The stakes are high for the arts. In an era where anything can be enhanced or corrected in a studio, live musicianship is valued less and less. And Kirk O’Riordan, assistant professor of music and director of the Lafayette College Concert Band, isn’t a naïve romanticist when it comes to his craft. Most of his students will enter professions other than music, which makes his job that much more important.
With the Concert Band, for instance, O’Riordan may have three or four music majors, meaning he has to teach the music theory and history concepts that non-majors do not typically take so that they can be successful performers. With a wide range of experiences and skill sets in one room, he cannot gloss over the fundamentals.
In the classroom, O’Riordan focuses on helping students become informed and discriminating consumers of music and the arts, people who can articulate opinions beyond the simplicity of “I didn’t like it; it wasn’t what I am used to.” He has a small window to ignite a lifelong appreciation for music that will lead students to continue honing their own musical abilities, support live music after they leave Lafayette, and perform in community ensembles.
“Ultimately, they help create a market for professional musicians and form the nucleus of an intelligent, informed audience. The survival of live music depends on this type of audience,” he says. “I am fortunate to work in a department that shares these ideals. My colleagues are also committed to developing this kind of student because they know that the future of what we do as musicians depends on people like this.”
A professional composer and musician, O’Riordan says music is as crucial to his life as breathing. He is at work on his newest CD, Strange Flowers, set to release in the fall. It features his wife, Holly Roadfeldt, visiting instructor, on piano, Marianne Gythfeldt on clarinet, Lawrence Stomberg on cello, and Reuben Councill on flute. He has composed two new pieces for the compilation: Lacrimosa for solo piano and A Strange Flower for Birds and Butterflies for clarinet, cello, and piano. Composed for his wife in 2011, Lacrimosa is a post-minimalist piece, which uses repetition and other processes that define minimalism as the background structure for more traditional compositional procedures. A Strange Flower for Birds and Butterflies was inspired by a Matsuo Basho haiku and is structured in the 5-7-5 syllable pattern of haiku.
O’Riordan founded the Lafayette College Contemporary Music Ensemble to challenge the most motivated and experienced student instrumental players in the department. As director of Concert Band, he began a program to develop student assistant conductors who rehearse and perform with the ensemble. The program is unique in that his assistant conductor gets more podium experience than most undergraduate conducting students at large music schools.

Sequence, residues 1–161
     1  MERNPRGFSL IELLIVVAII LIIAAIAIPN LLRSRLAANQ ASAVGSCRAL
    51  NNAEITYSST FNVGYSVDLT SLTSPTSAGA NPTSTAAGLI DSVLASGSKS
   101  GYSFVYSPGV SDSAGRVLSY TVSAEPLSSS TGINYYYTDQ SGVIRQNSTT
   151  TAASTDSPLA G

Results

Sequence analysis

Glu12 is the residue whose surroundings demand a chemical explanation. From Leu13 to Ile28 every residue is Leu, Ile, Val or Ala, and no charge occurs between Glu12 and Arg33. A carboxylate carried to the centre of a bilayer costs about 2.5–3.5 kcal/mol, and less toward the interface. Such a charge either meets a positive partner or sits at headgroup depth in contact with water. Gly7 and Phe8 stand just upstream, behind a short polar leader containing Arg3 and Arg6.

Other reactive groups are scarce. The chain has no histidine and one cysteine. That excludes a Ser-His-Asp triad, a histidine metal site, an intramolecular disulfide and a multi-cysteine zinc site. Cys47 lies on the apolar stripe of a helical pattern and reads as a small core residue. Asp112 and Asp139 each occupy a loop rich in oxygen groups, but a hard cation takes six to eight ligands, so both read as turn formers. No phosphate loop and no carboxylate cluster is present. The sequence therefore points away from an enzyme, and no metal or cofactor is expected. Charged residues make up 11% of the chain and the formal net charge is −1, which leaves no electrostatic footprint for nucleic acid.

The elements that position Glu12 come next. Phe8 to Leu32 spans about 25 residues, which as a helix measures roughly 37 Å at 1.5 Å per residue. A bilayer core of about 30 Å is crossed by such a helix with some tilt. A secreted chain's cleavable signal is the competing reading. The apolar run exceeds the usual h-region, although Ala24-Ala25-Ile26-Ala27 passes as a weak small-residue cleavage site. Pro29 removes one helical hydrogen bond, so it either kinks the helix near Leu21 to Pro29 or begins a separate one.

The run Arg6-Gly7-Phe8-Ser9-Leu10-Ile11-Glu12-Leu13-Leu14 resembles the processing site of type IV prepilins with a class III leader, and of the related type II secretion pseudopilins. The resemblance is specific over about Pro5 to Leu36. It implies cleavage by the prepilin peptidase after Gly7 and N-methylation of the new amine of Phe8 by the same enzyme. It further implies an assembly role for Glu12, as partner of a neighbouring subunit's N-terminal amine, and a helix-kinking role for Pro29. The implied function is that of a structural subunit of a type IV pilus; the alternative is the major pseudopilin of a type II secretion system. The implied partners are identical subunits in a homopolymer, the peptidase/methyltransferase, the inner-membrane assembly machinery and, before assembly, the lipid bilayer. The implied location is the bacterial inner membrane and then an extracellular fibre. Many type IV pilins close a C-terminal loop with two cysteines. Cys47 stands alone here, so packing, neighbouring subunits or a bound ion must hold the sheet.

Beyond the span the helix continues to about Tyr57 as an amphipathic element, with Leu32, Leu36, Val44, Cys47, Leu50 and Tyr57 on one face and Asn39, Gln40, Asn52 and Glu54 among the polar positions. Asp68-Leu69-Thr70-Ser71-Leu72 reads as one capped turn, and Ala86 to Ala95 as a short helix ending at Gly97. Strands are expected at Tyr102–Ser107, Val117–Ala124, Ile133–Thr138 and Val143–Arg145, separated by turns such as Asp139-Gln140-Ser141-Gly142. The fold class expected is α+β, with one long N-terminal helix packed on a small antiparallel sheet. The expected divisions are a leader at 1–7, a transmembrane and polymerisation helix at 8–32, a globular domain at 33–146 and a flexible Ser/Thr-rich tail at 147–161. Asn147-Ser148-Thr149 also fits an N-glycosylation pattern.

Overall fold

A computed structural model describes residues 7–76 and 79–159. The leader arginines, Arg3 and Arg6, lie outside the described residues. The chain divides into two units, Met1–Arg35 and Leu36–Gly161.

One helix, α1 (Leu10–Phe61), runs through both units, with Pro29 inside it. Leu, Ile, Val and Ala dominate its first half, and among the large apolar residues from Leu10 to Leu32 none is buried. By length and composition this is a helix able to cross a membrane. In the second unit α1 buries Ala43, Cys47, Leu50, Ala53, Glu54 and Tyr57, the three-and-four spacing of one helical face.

O’Riordan trusts his students enough to give them some of the most difficult, abstract, and even strange music to play because he knows they will give their best effort every time. He still considers himself a student of music, and writing for students allows him to experiment, re-voice a chord, add or remove instruments, and change percussion effects. His students have premiered several of his pieces, including four works for wind ensemble and three for chamber ensembles.
“The student performers are incredibly open to playing new music by me and other contemporary composers,” he says. “Their willingness to try my music has been both gratifying and helpful for me. This teaches me so much and helps me refine my skills. I am profoundly grateful to have students who will try to the height of their abilities to play what I have written for them. I don’t feel like I could get that many other places.”
The Percussion Ensemble performed one of those pieces, Night of Summer Stars, during a two-day dance performance at the Alvin Ailey Dance Theater in New York City, co-sponsored by Sakshi Productions, a dance company co-founded by Nandini Sikand, assistant professor of film and media studies. Sikand danced to O’Riordan’s piece along with Carrie Rohman, assistant professor of English, who also choreographed the routine. Larry Stockton, professor and head of music and director of Percussion Ensemble, played with the ensemble.
Night of Summer Stars is a perfect example of O’Riordan’s affinity for collaboration. He shares the credit for Concert Band’s success with, among many others, assistant conductor Alex Cutrone ’13 (Yorktown Heights, N.Y.) and ensemble leaders Taylor Dougherty ’13 (Parlin, N.J.) and Andrew Rowland ’13 (Haddonfield, N.J.). Principal players in both Concert Band and the Contemporary Music Ensemble perform similar tasks as principals in professional orchestras such as leading their sections, running sectional rehearsals, and assigning divided parts.
“None of these ideas would be possible without students who are willing to take a leap of faith that they could be successful doing things that undergraduates in large music schools would not usually have the chance to do,” says O’Riordan. “Teaching composition is really a two-way street: I get to learn from and be inspired by students’ thoughts, too.”